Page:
You wake up at 11 to the blackberry buzzing. You see it's Ben.
"I want to sleep at your house."
That's a 180 from the derisory treatment he and Louisa gave the new apartment last weekend, when Louisa asked, "Are you poor now?"
You said "No, sweetie, of course not. I just don't need as much space as the house."
Ben said "As much space? This is like- the den."
"Oh come on, it's not that bad. It's like the den and- your and Lou's bedrooms!"
That's when they both started clamoring to go home. You are puzzled but also happy with this turn in attitude just a week later.
"Sure, I mean, if your mom is ok with it."
"OK- can I talk to her?"
Ben drops the phone unceremoniously. You wait, nothing. Wait some more. Finally you hang up and call back. Barbara answers.
"Well, it's the hero."
"Ben tells me you offered to rescue him from this den of iniquity."
"He called and said-"
"HE called? He said you called."
"No, he called, and he asked to sleep over."
"Oh, really, well that's not the story I got. Do you have my check by the way?"
"Yes, I mean, I will, is it already the first?"
"It's the fifth."
"Well why don't I bring it when-"
"I didn't say yes to this, he's not behaving, he refuses to clean up his room, he says he's not going to therapy tomorrow, he just wants to get out of it."
"What do you mean why not, since when does he need a reason, you never made him do anything so he's just carrying on the tradition."
"I wouldn't say never-"
"Name one thing."
You are mentally calculating what money is where to put in the checking account so the check won't bounce. And you aren't coming up with anything so quickly.
"Yes is the only word these kids have ever heard from you. They wouldn't be so screwed up-"
"They are not so screwed up! They are tweens. Right? Isn't that their job?"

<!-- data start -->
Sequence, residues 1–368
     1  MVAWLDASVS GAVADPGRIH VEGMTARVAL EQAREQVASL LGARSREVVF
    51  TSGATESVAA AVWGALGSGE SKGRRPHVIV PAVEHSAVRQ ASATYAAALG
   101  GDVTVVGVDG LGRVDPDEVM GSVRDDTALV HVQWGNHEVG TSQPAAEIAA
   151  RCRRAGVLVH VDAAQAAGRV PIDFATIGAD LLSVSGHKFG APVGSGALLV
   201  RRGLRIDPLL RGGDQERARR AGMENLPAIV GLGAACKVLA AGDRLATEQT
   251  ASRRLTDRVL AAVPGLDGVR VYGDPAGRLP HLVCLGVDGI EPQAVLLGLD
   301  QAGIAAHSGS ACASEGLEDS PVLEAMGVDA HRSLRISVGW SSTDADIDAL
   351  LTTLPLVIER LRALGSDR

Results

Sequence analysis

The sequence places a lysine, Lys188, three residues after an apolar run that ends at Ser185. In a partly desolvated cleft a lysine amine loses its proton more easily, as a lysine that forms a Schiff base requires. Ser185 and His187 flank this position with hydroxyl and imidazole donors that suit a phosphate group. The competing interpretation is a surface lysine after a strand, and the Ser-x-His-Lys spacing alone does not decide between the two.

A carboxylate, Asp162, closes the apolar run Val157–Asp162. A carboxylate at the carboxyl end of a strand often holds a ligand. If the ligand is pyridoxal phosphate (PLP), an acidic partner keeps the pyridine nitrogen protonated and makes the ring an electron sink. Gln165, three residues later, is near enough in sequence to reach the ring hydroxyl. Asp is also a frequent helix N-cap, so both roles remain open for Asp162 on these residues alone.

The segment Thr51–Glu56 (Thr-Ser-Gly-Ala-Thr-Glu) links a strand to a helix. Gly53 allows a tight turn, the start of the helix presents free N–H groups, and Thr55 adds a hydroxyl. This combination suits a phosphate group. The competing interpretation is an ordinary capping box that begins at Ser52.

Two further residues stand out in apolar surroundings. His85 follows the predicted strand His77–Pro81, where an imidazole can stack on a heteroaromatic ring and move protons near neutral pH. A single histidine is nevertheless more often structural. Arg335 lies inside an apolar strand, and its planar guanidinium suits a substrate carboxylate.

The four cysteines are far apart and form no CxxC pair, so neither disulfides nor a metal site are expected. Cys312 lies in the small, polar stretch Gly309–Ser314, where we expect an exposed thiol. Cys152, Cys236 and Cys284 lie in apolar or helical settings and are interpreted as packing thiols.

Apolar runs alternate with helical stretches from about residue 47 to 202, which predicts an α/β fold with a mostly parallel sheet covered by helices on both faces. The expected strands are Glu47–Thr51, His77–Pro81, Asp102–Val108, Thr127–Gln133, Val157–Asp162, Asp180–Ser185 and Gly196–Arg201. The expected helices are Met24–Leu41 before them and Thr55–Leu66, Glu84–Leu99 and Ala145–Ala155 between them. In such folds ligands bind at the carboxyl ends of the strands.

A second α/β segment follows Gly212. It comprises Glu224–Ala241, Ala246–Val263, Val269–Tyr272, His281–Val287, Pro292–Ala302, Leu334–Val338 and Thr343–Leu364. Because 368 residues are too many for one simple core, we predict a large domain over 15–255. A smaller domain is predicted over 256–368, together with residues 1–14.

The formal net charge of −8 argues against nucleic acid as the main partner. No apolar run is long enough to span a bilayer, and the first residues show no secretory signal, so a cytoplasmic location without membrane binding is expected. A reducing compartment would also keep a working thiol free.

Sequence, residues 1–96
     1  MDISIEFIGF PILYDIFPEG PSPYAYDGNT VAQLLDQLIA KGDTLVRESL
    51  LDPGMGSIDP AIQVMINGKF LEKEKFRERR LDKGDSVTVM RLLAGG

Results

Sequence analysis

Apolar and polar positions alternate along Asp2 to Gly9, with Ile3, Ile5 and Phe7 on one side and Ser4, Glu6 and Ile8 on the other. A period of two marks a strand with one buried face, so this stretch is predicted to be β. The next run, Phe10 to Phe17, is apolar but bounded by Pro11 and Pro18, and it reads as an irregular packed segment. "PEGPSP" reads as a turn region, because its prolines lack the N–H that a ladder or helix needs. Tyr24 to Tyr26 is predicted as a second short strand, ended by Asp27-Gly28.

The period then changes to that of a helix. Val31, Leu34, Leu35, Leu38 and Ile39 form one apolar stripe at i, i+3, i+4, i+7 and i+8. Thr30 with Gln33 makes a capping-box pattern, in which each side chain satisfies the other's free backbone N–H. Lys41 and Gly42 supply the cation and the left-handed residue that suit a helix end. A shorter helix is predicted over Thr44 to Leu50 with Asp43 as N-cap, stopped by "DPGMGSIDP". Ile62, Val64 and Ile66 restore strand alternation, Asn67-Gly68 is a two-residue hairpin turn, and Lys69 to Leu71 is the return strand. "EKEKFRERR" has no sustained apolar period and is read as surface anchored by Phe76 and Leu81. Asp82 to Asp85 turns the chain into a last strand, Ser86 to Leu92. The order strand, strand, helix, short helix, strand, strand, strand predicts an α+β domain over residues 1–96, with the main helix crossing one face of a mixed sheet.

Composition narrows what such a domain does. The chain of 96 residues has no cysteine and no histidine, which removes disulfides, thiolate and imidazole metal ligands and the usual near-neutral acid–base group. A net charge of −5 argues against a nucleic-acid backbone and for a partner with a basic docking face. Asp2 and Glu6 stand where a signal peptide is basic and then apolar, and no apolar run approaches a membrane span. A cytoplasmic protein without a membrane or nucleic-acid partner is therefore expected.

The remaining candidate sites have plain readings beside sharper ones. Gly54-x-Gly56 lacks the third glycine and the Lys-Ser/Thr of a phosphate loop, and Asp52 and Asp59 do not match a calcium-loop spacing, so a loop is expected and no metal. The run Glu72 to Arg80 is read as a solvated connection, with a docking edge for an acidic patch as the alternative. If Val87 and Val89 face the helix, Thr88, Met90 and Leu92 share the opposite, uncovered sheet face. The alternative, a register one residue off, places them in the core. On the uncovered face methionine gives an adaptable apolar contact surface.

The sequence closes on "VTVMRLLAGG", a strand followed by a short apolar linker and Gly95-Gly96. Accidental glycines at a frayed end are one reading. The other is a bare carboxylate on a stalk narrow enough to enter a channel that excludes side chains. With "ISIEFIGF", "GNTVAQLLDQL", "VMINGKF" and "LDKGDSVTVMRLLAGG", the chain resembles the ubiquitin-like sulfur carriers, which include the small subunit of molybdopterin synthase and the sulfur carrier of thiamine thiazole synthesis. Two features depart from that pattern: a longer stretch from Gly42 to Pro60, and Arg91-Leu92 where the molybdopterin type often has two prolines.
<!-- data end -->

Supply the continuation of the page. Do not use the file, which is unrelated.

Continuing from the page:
"Whatever. You don't get off the hook."
"I know, right, I never get off the hook, let's stipulate that as your lawyer would say."
"And your lawyer doesn't?"
"My lawyer is a putz."
"You hired him."
This is spiraling downhill. You attempt a recovery.
"Should I pick him up or-?"
"If you take him you have to take Lou too."
"Does she want to come?"
"She says your apartment is a poor apartment."
"Yeah well I can think of some reasons for that."
"Oh no you don't, you put yourself in this mess, don't you start again with me about that."
"Right, ok, fine, if Lou wants to come of course I want her to."
"You talk to her."
The phone makes a clunking noise, as if dropped on the floor. You hear Barbara calling Lou then footsteps and some scuffling, and then Lou in the background saying "NO!"
"Hon it's daddy."
"I don't want to."
"Don't want to what?"
"Talk to him. I don't-"
"Don't you want to go sleep at daddy's with Benjamin?"
"No. He has a bad apartment. It's really bad."
"Hon it's not a bad apartment."
"It's over the pizza."
Barbara giggles, which is a bit infuriating, that giggle is worth a thousand derisory words. And then the phone goes dead. You call back, but it goes to voicemail. Then you text Barbara to call when it's worked out with the kids.
Although this experience was purely auditory it felt like looking in a diorama containing the ghosts of your prior life. You sit there in the middle of the room, and vow once again to get furniture immediately, it's too depressing, the phone, the mirror, the card table, the only furniture in what serves as a living room though it's really the kitchen, or the dining-kitchen-living room, open plan, that's it, open plan, it may be 400 square feet but it's open.
As you wait for the return call which ultimately does not come until three hours later, you reflect that you have been, in effect, bombed back to the stone age by divorce, financially, emotionally. By your own doing, by the way, so there's no one even to blame except the schmuck in the mirror propped on the floor holding the phone and listening to his daughter shriek her objections to- pretty much everything about his new life.
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